exchangeable for cash in the 1970s, but the notion of “wealth” in this context should not be conceived of
History of Anthropology Newsletter 38.2 (December 2011) / 13
special “stability in banana leaves” because, in Weiner’s interpretation, Trobriand
women control a temporal domain that encompasses and transcends the death of
individuals. It is only women that have the ability to restore to a deceased person’s
matrilineal kinship group, called the dala, the pure substance (or baloma) which,
according to Trobriand theories of procreation, is critical for the reproduction of new
persons by mothers within the dala. This process thus secures the “ahistorical (i.e.,
cosmic) cycling of dala through unmarked time, ‘as it was in the beginning, is now, and
ever shall be’” (1976, 39, 230-236). Women’s cyclical time contrasts with the ordinary
historical time that is the domain of men, whose influence is individually differentiated
and limited by mortality. The key to women’s regenerative power is precisely this
exchange ceremony in which women distribute skirts (symbolizing female sexuality and
reproductive capacity) and whitened leaf bundles (“the symbol of milk and nurturance”)
in order to pay back the contributions that people of other dala have made to the life of
the deceased, freeing or “untying” the deceased from all relationships developed during
his or her lifetime, and in so doing restoring at death what the dala had initially
contributed at the person’s conception (ibid., 20-22, 92, 119-120). By undoing and
overcoming the vagaries of historical change in order to reclaim the substance of
individuals, Weiner suggested, “the mortuary distribution of bundles of banana leaves
and skirts, organized, produced, and controlled by women,” allowed for the regeneration
of dala, promoting the continuity of Trobriand culture’s own traditional organizing forms
(1980, 274, 276).
In the face of these ambitious claims that the women’s exchange ceremony both
symbolized and produced women’s power to supersede history, Jolly questioned
Weiner’s interpretative edifice as hinging on an improbability: the historical stability of
the ceremony. Rentoul’s account swiftly undermines this line of critique. The ceremony
(sagali) is identified by same name (lisaladabu) by both Rentoul and Weiner (Weiner
1976, 62, 109), who also recognize the same term for the banana leaf bundles
(nunuega; Weiner, following Malinowski, transcribes it as nununiga). The gatherings
depicted are both of similar scale, involve a similar sequence of events and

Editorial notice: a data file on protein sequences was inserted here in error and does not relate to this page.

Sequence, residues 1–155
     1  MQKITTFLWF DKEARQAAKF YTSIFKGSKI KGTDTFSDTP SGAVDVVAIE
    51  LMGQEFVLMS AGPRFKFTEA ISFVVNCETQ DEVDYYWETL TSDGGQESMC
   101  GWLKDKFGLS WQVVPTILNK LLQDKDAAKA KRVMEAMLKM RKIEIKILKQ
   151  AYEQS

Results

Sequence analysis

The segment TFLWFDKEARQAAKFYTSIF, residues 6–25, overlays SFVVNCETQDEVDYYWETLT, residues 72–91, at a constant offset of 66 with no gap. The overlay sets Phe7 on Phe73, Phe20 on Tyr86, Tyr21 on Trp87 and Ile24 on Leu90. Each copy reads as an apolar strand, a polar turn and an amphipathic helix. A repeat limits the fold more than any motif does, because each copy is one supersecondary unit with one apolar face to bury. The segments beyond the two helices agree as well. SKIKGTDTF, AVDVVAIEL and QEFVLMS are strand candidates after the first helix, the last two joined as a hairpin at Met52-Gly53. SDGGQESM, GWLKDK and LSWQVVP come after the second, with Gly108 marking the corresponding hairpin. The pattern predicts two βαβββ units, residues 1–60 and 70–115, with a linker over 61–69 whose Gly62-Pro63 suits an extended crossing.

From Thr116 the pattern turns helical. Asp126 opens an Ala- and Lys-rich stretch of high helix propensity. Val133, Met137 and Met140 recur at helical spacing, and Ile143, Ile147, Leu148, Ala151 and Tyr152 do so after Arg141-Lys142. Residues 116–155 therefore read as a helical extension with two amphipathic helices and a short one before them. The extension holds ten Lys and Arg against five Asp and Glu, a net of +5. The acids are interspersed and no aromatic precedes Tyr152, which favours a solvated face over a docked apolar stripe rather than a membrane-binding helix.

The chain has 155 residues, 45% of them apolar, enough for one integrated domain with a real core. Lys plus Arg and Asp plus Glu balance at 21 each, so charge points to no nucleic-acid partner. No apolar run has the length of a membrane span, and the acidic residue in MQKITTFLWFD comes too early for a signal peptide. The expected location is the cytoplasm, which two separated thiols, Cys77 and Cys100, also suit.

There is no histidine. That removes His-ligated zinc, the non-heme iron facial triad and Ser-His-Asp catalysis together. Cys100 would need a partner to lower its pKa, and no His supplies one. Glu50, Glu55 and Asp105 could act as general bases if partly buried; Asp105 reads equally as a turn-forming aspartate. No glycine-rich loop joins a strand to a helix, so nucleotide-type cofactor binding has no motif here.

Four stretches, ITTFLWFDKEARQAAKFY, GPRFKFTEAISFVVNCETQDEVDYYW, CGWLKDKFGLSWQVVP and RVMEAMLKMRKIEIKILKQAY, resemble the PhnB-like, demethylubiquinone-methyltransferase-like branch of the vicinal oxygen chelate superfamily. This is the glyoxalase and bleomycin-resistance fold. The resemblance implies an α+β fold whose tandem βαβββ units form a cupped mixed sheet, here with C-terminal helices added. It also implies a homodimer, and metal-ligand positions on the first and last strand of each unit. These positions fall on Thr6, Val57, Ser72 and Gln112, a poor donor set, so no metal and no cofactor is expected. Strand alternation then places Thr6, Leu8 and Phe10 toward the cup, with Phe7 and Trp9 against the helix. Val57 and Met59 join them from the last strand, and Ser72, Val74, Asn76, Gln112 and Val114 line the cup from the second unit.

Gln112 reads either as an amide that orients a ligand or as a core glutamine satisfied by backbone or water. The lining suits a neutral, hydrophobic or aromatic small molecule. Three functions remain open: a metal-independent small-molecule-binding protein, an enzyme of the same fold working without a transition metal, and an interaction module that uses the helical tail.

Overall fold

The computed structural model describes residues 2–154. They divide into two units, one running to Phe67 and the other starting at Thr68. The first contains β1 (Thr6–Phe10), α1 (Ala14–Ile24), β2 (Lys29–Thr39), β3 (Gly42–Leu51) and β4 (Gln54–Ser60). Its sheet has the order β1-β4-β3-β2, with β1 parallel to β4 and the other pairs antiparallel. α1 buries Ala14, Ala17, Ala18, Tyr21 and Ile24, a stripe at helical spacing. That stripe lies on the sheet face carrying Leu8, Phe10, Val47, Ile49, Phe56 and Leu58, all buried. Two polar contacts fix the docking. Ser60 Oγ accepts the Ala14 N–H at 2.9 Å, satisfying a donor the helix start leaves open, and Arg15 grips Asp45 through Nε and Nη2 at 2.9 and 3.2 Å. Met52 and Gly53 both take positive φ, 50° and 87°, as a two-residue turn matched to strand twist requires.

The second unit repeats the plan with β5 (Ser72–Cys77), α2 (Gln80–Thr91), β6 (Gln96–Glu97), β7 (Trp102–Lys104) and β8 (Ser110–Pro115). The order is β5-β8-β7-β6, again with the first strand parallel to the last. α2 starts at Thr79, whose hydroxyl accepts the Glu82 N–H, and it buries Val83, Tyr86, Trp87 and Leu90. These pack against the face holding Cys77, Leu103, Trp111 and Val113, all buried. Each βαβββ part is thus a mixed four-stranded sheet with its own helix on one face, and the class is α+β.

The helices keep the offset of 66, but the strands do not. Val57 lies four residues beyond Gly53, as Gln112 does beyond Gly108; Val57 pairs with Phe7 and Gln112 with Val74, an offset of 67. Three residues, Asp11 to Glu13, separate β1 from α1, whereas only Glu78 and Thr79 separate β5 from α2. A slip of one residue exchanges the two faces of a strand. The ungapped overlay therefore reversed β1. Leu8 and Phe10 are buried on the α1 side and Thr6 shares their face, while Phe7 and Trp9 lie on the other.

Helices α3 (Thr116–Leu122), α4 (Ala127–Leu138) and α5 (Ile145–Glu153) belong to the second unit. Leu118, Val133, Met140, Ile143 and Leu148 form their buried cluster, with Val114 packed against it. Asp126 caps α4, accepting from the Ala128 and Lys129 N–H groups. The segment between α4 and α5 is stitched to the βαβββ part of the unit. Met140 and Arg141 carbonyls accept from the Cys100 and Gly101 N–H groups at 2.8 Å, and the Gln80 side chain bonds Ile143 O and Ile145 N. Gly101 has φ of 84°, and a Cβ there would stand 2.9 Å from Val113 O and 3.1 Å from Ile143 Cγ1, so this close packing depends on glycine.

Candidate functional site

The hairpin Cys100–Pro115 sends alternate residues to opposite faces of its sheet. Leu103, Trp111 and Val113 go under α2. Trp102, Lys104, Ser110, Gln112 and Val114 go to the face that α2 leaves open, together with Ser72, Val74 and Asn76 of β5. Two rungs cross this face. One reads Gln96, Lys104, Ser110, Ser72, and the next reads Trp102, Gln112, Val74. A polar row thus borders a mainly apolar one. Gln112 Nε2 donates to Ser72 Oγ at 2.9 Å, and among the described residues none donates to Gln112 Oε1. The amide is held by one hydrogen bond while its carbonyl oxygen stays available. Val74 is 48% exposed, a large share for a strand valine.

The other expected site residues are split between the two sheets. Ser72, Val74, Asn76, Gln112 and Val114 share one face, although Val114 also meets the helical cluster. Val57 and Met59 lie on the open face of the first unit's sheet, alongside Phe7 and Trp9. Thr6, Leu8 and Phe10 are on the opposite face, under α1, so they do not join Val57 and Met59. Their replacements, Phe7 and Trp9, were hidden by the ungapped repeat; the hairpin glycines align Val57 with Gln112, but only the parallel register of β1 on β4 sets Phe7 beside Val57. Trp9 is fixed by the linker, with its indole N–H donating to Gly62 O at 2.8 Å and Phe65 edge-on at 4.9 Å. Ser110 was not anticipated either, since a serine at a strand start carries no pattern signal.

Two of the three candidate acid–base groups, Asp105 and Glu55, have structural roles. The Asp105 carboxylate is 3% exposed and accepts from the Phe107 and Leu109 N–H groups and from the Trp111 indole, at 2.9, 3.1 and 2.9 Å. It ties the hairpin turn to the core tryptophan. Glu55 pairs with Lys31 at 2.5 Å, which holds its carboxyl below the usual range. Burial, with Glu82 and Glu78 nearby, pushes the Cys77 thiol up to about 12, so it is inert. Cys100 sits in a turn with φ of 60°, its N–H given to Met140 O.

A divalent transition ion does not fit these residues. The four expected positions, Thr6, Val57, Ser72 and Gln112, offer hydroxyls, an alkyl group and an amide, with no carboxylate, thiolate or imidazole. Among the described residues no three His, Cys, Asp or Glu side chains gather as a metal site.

atmosphere, and similarly discourage participation by men. By the time of Weiner’s
fieldwork in the 1970s the ritual may well have acquired “a novel significance, a new
value” as an emblem of “tradition and the centrality of women to such tradition” (Jolly
1992, 42), but this is not necessarily inconsistent with the ritual’s substantial cultural
continuity. As Weiner makes clear, the ceremony was by no means elective at the time
of her fieldwork, but was being performed because the social work it accomplished was
felt to be necessary.
We now also have compelling evidence from Malinowski’s notebooks, correspondence,
and photographs that the lisaladabu ceremony Weiner described was historically
continuous with that documented by Rentoul. Malinowski noted that several deaths in
his environs had provided him with “opportunities for the exhaustive investigation of
mortuary matters”; he also recorded a visit to the mission sisters where native women’s
as solely economic. The bundles also played a role in reciprocating the substantial urigubu gifts that
Trobriand men made annually to or on behalf of their sisters, suggesting that they should be viewed not
just as a form of currency but as a “total social phenomenon” in which the exchange of economically
valuable items is bound up with kinship, sociality, ritual, and politics, just as Malinowski famously argued
for men’s kula transactions (Weiner 1976, 140; 1980; Malinowski 1984[1922]; 1935; Mosko 2000, 388;
Mauss 1990[1925]).
History of Anthropology Newsletter 38.2 (December 2011) / 14
method of manufacturing banana leaf fiber skirts was demonstrated for him (Young
2004, pp. 399, 407, 513). In July 1915 alone, he took fieldnotes on four different
distributions by women of “petticoats” or “ramis” (i.e., skirts) and the “small bundles
presently to be worked into skirts,” and he gives the name of this type of sagali as
“Lisala dabu,” which he glosses as “cleaning off the ceremonial dirt” of mourning. At one
such feast, he drew a diagram of the village plaza showing where each women’s group
sat, and he quoted the formulaic phrases women called out when presenting their
batches of skirts (or skirt materials) to other women (Malinowski field notebook pp. 805809, 822, 825-826, 963-965, provided by Michael Young, personal communication,
January 1, 2012).
These fieldnotes are enriched by Malinowski’s published and unpublished photographs.
Some of the latter have been brought to light by Michael Young and explicated with the
help of Linus Digim’Rina. In his label for one unpublished photo, Malinowski observes